It’s a common, everyday experience: Someone at Yahoo! Style uses the wrong word. This time an editor confused everyday (which means commonplace, ordinary, or routine) with every day (which means each day):
This is kinda the mother of all bad word choices on Yahoo! Style:
That couldn’t be further from the correct words.
UPDATE: After I took that screen-grab, the paragraph was changed, presumably by an editor. To the editor’s credit, an incorrect pronoun was changed (from their to its) and a hyphen was added to photo-altering. And the father than the truth got a little closer to correct, though it’s still wrong:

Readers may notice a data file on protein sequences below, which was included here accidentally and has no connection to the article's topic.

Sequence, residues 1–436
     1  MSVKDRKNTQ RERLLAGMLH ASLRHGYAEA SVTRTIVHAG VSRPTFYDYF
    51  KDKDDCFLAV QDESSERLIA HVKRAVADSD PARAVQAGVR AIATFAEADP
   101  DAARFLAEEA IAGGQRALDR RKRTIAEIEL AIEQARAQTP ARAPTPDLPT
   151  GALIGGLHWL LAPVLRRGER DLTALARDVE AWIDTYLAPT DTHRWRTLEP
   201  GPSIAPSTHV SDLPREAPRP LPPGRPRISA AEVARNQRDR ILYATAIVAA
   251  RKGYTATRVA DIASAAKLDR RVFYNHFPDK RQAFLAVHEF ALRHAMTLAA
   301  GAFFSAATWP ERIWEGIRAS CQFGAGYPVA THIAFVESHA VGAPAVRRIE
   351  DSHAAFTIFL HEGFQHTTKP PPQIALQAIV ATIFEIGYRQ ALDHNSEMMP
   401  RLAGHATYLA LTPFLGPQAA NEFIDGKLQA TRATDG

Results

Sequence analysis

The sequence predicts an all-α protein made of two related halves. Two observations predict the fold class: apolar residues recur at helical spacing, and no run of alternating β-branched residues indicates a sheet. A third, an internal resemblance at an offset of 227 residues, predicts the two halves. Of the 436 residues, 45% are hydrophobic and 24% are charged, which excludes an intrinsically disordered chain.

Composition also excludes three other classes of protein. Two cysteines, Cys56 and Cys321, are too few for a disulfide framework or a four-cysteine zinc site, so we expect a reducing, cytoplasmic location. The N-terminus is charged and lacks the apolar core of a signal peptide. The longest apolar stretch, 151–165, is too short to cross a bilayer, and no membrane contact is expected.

If you mean a physical distance, then farther is correct; for a metaphorical distance, the correct word is further.
Maybe it was a silver dollar. And maybe the silver dollar was rolling down a hill. And it rolled farther than it had before. If that were the case, then this word usage on Yahoo! Finance would be correct:
Nothing could be further from the truth. If you’re describing a physical distance, then farther is the right word; otherwise, the right word is further.
The crucial difference between Yahoo! Style editors and the rest of the English-speaking world? Yahoo! Style editors don’t know the difference between a principal (which is a school administrator or something that is highest in rank or importance) and a principle (which is a rule or standard):
They just had to put that headline in the largest font imaginable. But, minutes later, the editors changed it! When I saw that they had added a picture to that headline, I was hopeful that they’d also see the error of their ways. But, noooo: